Recently, I attended the Spirituality and Creativity World Congress in Barcelona, Spain. I was presenting a couple of papers but focussed on the other presentations offered rather than my own. I was fascinated by a presentation by Sandra Waddock of Boston College entitled “Intellectual Shamans and Difference Makers: Creatively Working to Heal a Troubled World”. I immediately bought her book, inhaled it … and now, am sending it out to you. There are many of us in academe who are here because we love teaching, love our students and hope to make a contribution to our field. It may not be the public perception of teaching, but I assure you, we are not here for the money! The hidden pressure in academe is to conform, to repeat what has been done before and to not “rock the proverbial boat”. To go against the norm, to innovate educational programs or create new (thus different) bodies of work is not encouraged and can limit if not ruin your academic career. Keep your head down and your citations up.
Waddock’s book “Intellectual Shamans: Management Academics Making a Difference” rocked my world. She defines intellectual shamans as scholars “who become fully who they must be, and find and live their purpose, to serve the world through three capacities: healing, connecting, and sense making, and in the process seek or come to wisdom.” Waddock interviewed twenty-eight thought leaders who have dared to challenge and then change the face of education. She tells their stories truthfully … meaning the painful trials and tribulations of questioning the oldest priesthood on the planet. People who now are revered in management education tell tales of how they were laughed at, ridiculed and in some cases fired for being ‘different’. It is a book that gives me hope, much needed inspiration and maybe even a kick in the butt to try a little harder. If you live now in academe, or are considering graduate work in any field, this book should be compulsory reading.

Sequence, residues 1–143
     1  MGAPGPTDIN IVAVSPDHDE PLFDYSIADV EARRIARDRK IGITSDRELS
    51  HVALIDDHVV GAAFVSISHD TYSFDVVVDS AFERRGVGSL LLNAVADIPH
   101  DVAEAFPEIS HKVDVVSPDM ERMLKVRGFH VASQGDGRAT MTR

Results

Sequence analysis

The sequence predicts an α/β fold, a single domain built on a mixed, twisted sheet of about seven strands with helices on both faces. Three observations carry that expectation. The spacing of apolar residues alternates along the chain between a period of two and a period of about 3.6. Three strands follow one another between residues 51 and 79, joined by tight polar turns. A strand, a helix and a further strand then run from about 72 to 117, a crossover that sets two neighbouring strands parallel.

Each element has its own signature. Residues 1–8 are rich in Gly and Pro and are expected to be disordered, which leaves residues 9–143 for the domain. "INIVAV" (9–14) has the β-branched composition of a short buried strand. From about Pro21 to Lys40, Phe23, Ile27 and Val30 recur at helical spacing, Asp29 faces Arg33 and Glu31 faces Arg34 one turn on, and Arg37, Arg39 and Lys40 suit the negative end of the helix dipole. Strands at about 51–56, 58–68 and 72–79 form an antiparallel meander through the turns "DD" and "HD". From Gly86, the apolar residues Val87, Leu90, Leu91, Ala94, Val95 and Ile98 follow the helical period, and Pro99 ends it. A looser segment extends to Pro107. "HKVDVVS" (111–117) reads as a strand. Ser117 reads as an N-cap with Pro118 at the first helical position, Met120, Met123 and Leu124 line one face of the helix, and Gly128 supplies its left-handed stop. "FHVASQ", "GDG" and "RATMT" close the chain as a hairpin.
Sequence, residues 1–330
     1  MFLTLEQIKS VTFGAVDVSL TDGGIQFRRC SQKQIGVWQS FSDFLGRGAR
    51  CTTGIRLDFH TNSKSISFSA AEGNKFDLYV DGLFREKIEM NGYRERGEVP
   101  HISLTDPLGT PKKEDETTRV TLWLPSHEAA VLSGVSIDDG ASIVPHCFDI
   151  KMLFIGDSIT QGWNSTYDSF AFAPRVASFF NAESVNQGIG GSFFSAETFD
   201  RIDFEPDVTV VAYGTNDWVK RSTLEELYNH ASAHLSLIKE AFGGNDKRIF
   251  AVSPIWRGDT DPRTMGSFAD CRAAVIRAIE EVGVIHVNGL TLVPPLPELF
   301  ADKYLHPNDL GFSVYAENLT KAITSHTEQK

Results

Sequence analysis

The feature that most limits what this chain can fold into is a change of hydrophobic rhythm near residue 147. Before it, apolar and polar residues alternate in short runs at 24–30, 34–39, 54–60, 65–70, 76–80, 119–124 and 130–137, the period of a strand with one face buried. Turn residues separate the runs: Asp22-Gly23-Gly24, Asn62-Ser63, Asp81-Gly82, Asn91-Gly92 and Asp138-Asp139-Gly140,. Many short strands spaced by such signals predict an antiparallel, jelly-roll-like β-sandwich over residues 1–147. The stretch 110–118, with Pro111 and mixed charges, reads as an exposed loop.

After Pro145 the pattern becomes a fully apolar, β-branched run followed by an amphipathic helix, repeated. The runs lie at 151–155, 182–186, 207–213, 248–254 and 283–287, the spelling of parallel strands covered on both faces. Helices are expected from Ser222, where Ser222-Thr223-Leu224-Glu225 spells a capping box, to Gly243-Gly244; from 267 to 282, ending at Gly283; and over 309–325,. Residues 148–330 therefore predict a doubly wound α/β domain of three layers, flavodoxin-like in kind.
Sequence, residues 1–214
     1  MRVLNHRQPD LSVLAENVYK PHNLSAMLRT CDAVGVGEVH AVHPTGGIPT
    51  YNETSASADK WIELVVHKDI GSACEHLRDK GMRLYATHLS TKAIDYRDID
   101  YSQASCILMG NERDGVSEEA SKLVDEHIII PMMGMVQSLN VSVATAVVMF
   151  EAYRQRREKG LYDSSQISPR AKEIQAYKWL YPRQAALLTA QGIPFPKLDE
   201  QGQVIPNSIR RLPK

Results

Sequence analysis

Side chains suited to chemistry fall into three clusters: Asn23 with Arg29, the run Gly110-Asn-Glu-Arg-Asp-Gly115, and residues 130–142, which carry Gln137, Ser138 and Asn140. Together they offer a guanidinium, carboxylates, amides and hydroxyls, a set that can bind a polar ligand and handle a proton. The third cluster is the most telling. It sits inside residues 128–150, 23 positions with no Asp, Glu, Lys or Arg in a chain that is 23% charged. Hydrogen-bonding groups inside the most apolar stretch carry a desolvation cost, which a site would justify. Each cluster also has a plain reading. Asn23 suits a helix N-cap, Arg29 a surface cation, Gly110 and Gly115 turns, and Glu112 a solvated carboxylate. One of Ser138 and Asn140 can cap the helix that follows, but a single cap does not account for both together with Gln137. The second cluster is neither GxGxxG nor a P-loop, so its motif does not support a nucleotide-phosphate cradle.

Waddock states: “If we reinvent education, if we reinvent universities, if we reinvent organizing, if we reinvent societies, economics, and sustainable enterprise of all sorts, we can perhaps tap the potential within human beings to reinvent our relationships with each other and change our world for the better. We have to dream a new world into existence.”
It gives me courage to keep going. I hope you read it.
Intellectual Shamans: Management Academics Making a Difference